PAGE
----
LUX » Topics » The U.S. $300 Million Senior Unsecured Guaranteed Notes and the DB Swaps

This excerpt taken from the LUX 20-F filed Jun 28, 2006.

The U.S. $300 Million Senior Unsecured Guaranteed Notes and the DB Swaps

On September 3, 2003, U.S. Holdings closed a private placement of U.S. $300 million (Euro 238 million) of senior unsecured guaranteed notes (the “Notes”), issued in three series (Series A, Series B and Series C). Interest on the Series A Notes accrues at 3.94 percent per annum and interest on Series B and Series C Notes accrues at 4.45 percent per annum. The Series A and Series B Notes mature on September 3, 2008 and the Series C Notes mature on September 3, 2010. The Series A and Series C Notes require annual prepayments beginning on September 3, 2006 through the applicable date of maturity. The Notes are guaranteed on a senior unsecured basis by Luxottica Group S.p.A. and Luxottica S.r.l., a wholly-owned subsidiary. The Notes can be prepaid at U.S. Holdings’ option under certain circumstances. The proceeds from the Notes were used for the repayment of outstanding debt and for other working capital needs. The Notes contain certain financial and operating covenants. We were in compliance with those covenants as of December 31, 2005.

In connection with the issuance of the Notes, U.S. Holdings entered into three interest rate swap agreements with Deutsche Bank AG (the “DB Swap”). The three separate agreements’ notional amounts and interest payment dates coincide with those of the Notes. The DB Swap exchanged the fixed rate of the Notes to a floating rate of the six-month LIBOR rate plus 0.6575 percent for the Series A Notes and to a floating rate of the six-month LIBOR rate plus 0.73 percent for the Series B and Series C Notes. These swaps were treated as fair value hedges of the related debt and qualified for the shortcut method of hedge accounting (assuming no ineffectiveness in a hedge in an interest rate swap). Thus the interest income/expense on the swaps was recorded as an adjustment to the interest expense on the debt effectively changing the debt from a fixed rate of interest to the swap rate. Due to the rising interest rate environment, we terminated all three agreements of the DB Swap in December 2005 for an aggregate amount paid to the bank of Euro 7.0 million ( U.S.$ 8.4 million), excluding interest.

This excerpt taken from the LUX 20-F filed Jun 29, 2005.

The U.S. $300 Million Senior Unsecured Guaranteed Notes and the DB Swaps

 

On September 3, 2003, U.S. Holdings closed a private placement of U.S. $300 million (Euro 238 million) of senior unsecured guaranteed notes (the “Notes”), issued in three series (Series A, Series B and Series C). Interest on the Series A Notes accrues at 3.94 percent per annum and interest on Series B and Series C Notes accrues at 4.45 percent per annum. The Series A and Series B Notes mature on September 3, 2008 and the Series C Notes mature on September 3, 2010. The Series A and Series C Notes require annual prepayments beginning on September 3, 2006 through the applicable date of maturity. The Notes are guaranteed on a senior unsecured basis by Luxottica Group S.p.A. and Luxottica S.r.l., a wholly-owned subsidiary. The Notes can be prepaid at U.S. Holdings’ option under certain circumstances. The proceeds from the Notes were used for the repayment of outstanding debt and for other working capital needs. The Notes contain certain financial and operating covenants. We were in compliance with these covenants as of December 31, 2004.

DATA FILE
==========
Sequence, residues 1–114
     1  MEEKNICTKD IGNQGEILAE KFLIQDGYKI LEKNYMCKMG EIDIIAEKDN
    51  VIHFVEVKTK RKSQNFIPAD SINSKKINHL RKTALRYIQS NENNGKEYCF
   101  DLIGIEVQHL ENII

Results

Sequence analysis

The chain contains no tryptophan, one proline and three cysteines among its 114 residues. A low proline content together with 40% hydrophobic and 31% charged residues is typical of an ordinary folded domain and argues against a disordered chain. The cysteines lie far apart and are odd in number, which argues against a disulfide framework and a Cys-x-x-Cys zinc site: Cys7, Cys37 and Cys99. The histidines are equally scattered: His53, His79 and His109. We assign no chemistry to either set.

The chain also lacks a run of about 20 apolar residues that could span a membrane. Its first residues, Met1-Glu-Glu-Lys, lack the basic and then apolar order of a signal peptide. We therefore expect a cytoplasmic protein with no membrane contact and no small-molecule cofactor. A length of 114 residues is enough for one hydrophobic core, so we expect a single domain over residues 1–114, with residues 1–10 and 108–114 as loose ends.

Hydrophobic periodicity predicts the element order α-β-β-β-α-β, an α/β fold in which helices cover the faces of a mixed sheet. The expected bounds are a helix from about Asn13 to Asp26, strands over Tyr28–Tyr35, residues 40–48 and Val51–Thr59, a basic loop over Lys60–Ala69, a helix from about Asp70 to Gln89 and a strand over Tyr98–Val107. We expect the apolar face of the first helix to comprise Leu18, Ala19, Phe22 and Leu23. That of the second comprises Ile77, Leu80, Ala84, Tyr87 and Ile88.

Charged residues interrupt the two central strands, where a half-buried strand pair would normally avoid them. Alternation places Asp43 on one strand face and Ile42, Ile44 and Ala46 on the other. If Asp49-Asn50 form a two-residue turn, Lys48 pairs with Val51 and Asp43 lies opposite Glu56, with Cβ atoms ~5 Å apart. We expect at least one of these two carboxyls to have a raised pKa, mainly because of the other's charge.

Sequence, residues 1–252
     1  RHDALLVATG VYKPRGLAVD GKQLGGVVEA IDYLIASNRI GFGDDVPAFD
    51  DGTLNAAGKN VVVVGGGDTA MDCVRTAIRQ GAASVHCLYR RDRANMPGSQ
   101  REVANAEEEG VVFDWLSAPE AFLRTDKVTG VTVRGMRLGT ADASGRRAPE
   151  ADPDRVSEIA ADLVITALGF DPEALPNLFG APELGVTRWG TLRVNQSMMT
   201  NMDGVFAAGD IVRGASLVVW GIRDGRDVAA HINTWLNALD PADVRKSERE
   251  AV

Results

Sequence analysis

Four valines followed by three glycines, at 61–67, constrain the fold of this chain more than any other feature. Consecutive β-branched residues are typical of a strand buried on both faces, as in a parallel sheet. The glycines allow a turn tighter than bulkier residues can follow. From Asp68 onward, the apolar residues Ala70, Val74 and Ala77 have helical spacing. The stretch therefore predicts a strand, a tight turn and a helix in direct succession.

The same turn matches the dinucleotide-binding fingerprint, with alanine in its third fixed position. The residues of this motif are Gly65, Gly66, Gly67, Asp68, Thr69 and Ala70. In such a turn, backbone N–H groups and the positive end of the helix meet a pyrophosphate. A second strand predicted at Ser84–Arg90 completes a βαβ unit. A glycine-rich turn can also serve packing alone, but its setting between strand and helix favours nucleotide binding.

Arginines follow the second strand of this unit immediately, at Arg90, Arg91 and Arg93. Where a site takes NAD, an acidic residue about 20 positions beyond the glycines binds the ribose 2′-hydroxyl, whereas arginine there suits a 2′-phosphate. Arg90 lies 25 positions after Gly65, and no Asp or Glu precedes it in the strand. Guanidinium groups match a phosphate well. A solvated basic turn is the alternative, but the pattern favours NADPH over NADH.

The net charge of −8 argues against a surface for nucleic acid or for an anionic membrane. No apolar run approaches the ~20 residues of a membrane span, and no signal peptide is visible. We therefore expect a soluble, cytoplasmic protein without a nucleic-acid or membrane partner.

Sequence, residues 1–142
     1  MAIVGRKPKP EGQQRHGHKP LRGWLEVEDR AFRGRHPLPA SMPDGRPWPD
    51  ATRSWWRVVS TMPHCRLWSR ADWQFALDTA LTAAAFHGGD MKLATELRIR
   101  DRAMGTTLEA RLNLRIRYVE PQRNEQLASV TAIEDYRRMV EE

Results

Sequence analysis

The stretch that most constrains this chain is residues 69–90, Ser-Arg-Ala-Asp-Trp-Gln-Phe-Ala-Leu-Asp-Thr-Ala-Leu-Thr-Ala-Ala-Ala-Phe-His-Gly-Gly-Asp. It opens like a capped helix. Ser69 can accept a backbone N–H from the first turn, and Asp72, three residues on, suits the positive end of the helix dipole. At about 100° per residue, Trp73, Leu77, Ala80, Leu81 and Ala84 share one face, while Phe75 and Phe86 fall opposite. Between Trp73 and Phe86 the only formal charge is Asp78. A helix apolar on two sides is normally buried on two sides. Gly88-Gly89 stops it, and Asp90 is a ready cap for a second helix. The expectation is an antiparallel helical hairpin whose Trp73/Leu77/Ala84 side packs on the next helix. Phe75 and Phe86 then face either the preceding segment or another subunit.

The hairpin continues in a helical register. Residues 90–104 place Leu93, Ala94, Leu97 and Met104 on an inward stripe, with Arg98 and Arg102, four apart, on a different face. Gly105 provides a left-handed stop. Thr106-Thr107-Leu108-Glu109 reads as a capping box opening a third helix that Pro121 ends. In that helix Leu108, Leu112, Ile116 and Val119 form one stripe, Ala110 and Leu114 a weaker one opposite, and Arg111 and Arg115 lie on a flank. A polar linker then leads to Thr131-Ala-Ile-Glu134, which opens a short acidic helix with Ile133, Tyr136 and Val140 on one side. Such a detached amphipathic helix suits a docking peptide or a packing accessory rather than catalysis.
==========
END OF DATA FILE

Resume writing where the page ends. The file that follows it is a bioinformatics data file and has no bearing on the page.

In connection with the issuance of the Notes, U.S. Holdings entered into three interest rate swap agreements with Deutsche Bank AG (the “DB Swap”). The three separate agreements notional amounts and interest payment dates coincide with those of the Notes. The DB Swap exchanges the fixed rate of the Notes to a floating rate of the six-month LIBOR rate plus 0.6575 percent for the Series A Notes and to a floating rate of the six-month LIBOR rate plus 0.73 percent for the Series B and Series C Notes. These swaps are treated as fair value hedges of the related debt and qualify for the shortcut method of hedge accounting (assuming no ineffectiveness in a hedge in an interest rate swap). Thus the interest income/expense on the swaps is recorded as an adjustment to the interest expense on the debt effectively changing the debt from a fixed rate of interest to the swap rate.

 

EXCERPTS ON THIS PAGE:

20-F
Jun 28, 2006
20-F
Jun 29, 2005
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